You need to consider the non-combatants in your household. Elderly, small children, the infirm, or just people with no combat skills. While you are taking the fight to whatever enemy you can locate, what’s happening to the people waiting back at the home? What if there are more enemy around you don’t know about? What if the enemy you’re attacking are a diversion?

    You have to think and look at all the possible scenarios and not just react blindly. I’m fine with taking the fight to the enemy, but I’ve been doing this stuff for a while and have equipment and training. The capabilities and needs of any group or unit are always delineated by the lowest common denominator. In other words, even if you’re a bunch of Rangers, the speed and effectiveness of your response is going to be affected by the slowest among you. You need to ensure the people you’re trying to protect are safe while you address the threat.

  • Safe rooms are always an option. Yes, they can be breached by a determined attacker, and if the bad guys decide just to burn the building down, the people in the Safe Room are in a bad postilion.

    But, for the most part, a safe room is a better place to hide out than the family bathroom. Better to have a room with emergency supplies, first aid, weapons and communication, and at least a reinforced door than to have nothing at all. I have provided security for people working in Yemen, Afghanistan, Iraq and many other garden spots, and a safe room was always one of the first things we set up so that non-combatants would have a place to retreat to in the event of an incursion.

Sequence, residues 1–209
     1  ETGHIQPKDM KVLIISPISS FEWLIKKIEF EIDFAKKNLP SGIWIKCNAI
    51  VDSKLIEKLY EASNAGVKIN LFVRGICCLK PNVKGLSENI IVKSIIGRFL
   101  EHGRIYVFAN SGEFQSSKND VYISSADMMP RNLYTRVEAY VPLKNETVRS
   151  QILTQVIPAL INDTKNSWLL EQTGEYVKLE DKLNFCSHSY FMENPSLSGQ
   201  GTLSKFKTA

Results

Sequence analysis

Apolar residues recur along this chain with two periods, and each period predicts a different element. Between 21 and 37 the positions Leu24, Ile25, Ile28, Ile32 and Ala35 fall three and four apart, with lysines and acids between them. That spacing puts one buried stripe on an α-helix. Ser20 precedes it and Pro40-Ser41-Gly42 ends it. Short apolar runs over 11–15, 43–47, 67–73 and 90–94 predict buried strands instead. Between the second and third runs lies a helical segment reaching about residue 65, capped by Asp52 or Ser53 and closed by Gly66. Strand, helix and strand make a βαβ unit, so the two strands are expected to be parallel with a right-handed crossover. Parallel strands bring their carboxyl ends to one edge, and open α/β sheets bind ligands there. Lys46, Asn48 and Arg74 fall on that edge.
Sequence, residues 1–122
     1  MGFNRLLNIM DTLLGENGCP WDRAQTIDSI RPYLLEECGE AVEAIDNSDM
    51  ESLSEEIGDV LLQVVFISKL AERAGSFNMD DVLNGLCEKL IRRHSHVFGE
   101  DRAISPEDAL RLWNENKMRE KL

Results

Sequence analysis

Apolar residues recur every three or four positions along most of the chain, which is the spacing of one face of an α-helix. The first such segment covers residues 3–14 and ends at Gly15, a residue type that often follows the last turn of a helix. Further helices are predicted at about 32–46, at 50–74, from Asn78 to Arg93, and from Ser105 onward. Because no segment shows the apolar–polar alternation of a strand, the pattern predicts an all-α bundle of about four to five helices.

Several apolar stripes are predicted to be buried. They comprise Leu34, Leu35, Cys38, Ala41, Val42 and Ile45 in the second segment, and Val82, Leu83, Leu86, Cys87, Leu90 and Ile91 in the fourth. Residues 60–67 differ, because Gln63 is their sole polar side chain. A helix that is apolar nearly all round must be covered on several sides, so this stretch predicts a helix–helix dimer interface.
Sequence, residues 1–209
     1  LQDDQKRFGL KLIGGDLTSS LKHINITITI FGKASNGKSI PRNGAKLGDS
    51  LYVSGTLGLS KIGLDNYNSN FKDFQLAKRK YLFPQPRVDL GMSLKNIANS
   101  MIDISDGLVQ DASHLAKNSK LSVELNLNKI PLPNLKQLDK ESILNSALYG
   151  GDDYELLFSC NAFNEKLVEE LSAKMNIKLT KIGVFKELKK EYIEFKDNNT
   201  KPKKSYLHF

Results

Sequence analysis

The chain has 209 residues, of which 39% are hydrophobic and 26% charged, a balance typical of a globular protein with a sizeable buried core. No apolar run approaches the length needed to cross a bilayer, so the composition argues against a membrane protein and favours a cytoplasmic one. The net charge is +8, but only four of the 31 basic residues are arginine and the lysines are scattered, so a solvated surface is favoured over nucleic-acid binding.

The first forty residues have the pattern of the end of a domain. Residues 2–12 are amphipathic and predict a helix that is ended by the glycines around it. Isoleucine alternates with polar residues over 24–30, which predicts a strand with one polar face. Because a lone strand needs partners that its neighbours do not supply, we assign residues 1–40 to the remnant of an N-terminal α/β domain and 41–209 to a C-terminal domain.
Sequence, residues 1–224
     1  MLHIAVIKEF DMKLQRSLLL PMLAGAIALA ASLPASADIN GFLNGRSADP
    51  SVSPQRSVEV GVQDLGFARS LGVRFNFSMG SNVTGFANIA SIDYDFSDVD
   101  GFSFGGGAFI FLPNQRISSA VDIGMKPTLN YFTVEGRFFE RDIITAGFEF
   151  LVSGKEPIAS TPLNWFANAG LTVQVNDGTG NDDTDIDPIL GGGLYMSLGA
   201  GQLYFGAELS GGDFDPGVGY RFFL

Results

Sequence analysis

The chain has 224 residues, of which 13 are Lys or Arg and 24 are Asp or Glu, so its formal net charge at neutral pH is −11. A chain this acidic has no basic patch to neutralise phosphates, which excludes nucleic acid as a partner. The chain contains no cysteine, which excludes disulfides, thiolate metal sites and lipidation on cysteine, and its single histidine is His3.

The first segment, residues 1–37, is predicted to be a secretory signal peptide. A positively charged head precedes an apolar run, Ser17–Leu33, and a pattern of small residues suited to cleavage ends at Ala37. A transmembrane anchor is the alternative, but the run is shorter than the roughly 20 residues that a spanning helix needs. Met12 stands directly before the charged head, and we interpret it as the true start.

• I prefer a safe house so I put in hurricane glass all the way around. They ain’t comin’ in the windows.

  • Excellent thinking. Couldn’t dump the funds for hurricane glass, but coated all the windows with 3m shatterproof Mylar film. We used it all over the Mideast to prevent shatter from explosions, but it also makes it very difficult for someone to get in through the window because it makes the glass like a car windshield so it holds together even when broken.

  • That sounds like a great idea. I went solar with a large hybrid (battery backed) system in 2010 and do live smack dab in the hurricane zone so I wanted to make my home as bunker like as possible. Now, as the fruits of the Muslim usurper’s traitorous efforts come to bare I’m glad I did spend all that money. I now want to install security doors on the house. Boy are they spendy! 😉

  • Well said. A good defense is the basis of a good offense. Once the loved ones are secured, commit to action. And there are some pretty good misdirectional fallback plans out there to boot.